Mending ties.

Byline: Touqir Hussain

IT is a rare moment in the history of US-Pakistan relations. Traditionally, they have either been up or down, or suffered from what is often referred to as 'benign neglect' by Washington. But right now, relations seem to be going neither up nor down. And Washington is not neglecting but ignoring Pakistan.

The reality is that Pakistan cannot be ignored. It will remain relevant for Washington because of its location at the crossroads of Afghanistan, Russia, China, India and Iran. Pakistan's relations with China impact the US Indo-Pacific strategy, and its tensions with India undermine New Delhi's capability to balance China. While Pakistan may not be able to bring peace in Afghanistan it can certainly prevent it. Indeed, Pakistan can facilitate or complicate US interests in the region.

But the problem is, Washington seems tired of the relationship. Political rhetoric on both sides is not helping either especially on the US side where there is a resurgence of US criticism of Pakistan's role in the failure of the Afghanistan war.

Yet that is not the whole picture. At a Congressional hearing in September, Secretary of State Antony Blinken said that in times ahead the US will not just look at 'the role that Pakistan has played over the last 20 years but also the role we would want to see it play in the coming years and what it will take for it to do that'.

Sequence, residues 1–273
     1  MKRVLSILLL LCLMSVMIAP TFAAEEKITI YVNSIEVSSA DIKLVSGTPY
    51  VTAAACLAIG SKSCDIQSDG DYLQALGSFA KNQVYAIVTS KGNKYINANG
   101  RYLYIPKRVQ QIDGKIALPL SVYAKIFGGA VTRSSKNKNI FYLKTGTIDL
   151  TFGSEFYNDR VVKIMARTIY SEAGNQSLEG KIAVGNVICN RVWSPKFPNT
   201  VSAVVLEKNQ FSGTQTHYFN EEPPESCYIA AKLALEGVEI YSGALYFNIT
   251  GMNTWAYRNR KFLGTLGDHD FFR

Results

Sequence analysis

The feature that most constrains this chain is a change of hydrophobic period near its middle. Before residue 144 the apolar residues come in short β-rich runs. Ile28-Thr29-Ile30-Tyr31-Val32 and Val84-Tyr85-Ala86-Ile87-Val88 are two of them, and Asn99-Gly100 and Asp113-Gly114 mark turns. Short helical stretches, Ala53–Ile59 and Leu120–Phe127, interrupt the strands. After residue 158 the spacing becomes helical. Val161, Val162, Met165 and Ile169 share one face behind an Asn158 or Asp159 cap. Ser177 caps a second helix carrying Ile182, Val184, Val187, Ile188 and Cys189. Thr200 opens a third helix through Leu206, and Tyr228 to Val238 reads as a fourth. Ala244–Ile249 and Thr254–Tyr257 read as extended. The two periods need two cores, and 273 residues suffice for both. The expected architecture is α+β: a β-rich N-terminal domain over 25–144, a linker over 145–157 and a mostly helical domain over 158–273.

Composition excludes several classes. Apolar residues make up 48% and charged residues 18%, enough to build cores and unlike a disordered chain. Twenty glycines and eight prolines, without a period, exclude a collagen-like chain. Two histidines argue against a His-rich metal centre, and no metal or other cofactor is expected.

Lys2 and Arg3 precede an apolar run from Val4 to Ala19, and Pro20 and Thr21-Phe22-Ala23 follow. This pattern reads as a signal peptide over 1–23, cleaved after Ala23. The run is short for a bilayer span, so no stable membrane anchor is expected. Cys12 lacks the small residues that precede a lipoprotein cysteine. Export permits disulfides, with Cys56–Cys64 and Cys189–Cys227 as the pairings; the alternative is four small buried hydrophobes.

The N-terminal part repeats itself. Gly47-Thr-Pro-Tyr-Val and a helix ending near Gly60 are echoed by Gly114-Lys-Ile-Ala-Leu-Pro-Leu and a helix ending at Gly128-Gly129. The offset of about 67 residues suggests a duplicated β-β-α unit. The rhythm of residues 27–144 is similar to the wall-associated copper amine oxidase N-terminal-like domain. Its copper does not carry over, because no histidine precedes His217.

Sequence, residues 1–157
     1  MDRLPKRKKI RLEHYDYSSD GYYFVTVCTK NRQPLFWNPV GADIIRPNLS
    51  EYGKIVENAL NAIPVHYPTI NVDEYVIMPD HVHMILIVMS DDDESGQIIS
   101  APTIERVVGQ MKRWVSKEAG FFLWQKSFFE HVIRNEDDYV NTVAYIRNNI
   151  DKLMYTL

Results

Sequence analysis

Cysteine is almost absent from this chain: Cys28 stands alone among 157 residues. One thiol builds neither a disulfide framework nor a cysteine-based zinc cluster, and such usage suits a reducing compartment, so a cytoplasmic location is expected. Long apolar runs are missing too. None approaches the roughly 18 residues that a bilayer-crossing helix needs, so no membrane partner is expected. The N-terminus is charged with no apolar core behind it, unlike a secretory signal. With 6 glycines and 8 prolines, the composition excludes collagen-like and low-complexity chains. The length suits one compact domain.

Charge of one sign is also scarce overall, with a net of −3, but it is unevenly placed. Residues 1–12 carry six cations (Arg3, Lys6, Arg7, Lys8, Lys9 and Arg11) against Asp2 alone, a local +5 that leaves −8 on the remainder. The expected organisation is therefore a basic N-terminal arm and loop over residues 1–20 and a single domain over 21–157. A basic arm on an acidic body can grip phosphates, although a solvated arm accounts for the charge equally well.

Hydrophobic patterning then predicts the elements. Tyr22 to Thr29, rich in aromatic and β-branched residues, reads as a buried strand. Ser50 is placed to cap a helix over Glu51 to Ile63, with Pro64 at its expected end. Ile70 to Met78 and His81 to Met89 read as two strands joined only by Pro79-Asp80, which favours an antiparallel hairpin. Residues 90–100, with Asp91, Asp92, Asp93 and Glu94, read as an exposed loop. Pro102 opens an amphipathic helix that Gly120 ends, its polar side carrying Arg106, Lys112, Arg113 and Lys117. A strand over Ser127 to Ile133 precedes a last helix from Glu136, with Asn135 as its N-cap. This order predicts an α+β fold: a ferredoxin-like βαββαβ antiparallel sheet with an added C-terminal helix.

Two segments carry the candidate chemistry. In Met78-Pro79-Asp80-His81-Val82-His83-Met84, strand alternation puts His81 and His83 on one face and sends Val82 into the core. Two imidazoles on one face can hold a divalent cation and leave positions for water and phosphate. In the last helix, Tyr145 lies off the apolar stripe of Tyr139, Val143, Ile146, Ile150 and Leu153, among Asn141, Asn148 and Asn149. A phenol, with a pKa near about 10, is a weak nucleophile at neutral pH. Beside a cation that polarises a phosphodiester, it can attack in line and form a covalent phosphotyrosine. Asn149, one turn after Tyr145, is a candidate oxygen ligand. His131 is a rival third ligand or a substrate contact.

The reality is that Pakistan cannot be ignored.

Obviously, Washington has long- and short-term interests in mind. In the long run, the US would be interested in limiting Chinese political and economic influence in Pakistan. At the least, Washington would like to ensure that Pakistan does not undermine America's Indo-Pacific strategy.

But Washington is not focused on the long run surrounded as it is by many uncertainties principally the future of US-China tensions. Washington also sees ambiguities in Pakistan's regional policies and lack of resolve in improving the economy, ambivalence in the fight against extremism, and indifference to creating an environment of trust in relations with Washington. No surprise that Deputy Secretary of State Wendy Sherman had said during her recent visit to India that Washington was looking for a relationship with Pakistan that served only a 'narrow and specific' purpose.

Pakistan wants a broad-based relationship but Washington is uninterested not just because of pressures coming from its extraordinary relationship with India but largely...

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